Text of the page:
Mary McKinnon's Lament

Ye Dames severe, no longer scorn
    The sufferings which I bear;
To be at once for ever torn
    From all I held so dear!
My heaving bosom burns - I sigh -
    No comforter I see;
Within a dreary Jail I lye,
    And none to pity me.

    And none to pity me, not one,
        There's none to pity me;
    Mongst all this numerous multitude
        There's none to pity me.

Mary McKinnon is my name,
    To misery I was born,
In gauds of iron I did lye,
    Distressed and forlorn;
But now the day appointed's come,
    When thousands do me see,
'Mongst all this numerous multitude,
    There's none to pity me.

'Tis true I smote the gentle Youth;
    And took his life away -
Which all the riches I possess
    Can never once repay;
But then it was in passion keen -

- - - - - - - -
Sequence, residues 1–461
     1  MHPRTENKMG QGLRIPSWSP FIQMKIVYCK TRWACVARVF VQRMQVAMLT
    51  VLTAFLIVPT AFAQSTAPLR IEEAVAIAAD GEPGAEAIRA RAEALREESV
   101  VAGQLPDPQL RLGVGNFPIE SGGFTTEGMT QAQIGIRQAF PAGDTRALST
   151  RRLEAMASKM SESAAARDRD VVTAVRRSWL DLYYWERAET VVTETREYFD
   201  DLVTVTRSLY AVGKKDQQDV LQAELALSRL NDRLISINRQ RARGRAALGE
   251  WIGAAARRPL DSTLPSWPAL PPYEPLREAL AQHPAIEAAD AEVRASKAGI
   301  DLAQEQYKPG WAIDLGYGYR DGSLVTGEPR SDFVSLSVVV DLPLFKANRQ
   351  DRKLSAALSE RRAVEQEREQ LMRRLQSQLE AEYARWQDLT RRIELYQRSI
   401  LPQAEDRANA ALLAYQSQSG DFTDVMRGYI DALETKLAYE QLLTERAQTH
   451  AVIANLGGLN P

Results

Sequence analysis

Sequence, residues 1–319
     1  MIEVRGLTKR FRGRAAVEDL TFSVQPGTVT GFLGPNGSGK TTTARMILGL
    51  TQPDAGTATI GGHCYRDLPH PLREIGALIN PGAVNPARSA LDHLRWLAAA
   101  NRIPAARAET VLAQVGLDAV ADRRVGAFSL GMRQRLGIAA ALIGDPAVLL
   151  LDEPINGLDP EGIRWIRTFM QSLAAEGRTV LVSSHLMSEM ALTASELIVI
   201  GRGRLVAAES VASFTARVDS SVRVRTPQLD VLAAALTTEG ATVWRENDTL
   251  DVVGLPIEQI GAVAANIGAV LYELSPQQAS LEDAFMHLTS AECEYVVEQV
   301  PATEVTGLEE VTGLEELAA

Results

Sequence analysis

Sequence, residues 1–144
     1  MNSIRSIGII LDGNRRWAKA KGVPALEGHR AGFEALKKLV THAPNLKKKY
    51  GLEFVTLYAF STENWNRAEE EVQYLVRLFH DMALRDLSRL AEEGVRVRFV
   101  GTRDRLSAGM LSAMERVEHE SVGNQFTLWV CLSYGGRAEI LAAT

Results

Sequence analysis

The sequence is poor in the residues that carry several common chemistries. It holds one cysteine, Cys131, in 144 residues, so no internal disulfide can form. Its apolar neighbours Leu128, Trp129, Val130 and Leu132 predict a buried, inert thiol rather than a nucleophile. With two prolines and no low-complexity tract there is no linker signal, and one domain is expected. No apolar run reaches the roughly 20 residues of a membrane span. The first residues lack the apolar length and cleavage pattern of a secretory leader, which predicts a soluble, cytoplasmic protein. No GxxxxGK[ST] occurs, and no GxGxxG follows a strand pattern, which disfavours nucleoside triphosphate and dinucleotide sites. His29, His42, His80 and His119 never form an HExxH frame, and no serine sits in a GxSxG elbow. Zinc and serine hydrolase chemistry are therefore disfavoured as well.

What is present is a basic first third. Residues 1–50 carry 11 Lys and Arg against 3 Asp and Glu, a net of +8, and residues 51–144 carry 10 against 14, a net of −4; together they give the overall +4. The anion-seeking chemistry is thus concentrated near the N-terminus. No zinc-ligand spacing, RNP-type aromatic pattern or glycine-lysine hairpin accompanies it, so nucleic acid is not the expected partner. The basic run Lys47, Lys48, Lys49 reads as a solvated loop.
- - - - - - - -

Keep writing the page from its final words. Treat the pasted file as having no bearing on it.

A dismal hour for me;
For I must end this earthly scene
    Upon the fatal tree.

I once was pure and innocent,
    As dew on summer morn;
My life from day to day was spent
    In joy without the thorn, -
Till wicked man envied my lot -
    My lot that was so free;
He stole my heart in evil hour,
    And left the wretch you see.

Come listen then, you Damsels fair!
    Who love the city gay,
I pray you of its wiles beware,
    Since it will soon betray;
For pleasure was my chief delight -
    I lov'd the midnight glee:
O shun its cursed mad'ning joys -
    It has deluded me!

And you, ye Lads! as forth ye roam,
    In quest of mirth and fun,
Forget not, in your idle brawls,
    By this I was undone.
Provoke not the unfortunate -
    They yet may virtuous be;
Perhaps some sister of a friend
    Should pity draw from thee.

Now my hour is come at last,
    I've left the dreary cell,
McKinnon in her youthful bloom,
    Now bids this world farewell!
Let every one a warning take,
    My fatal end to see,
For now I bid the world adieu,
    Since none can pity me!

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Copyright © 2001, Jack Campin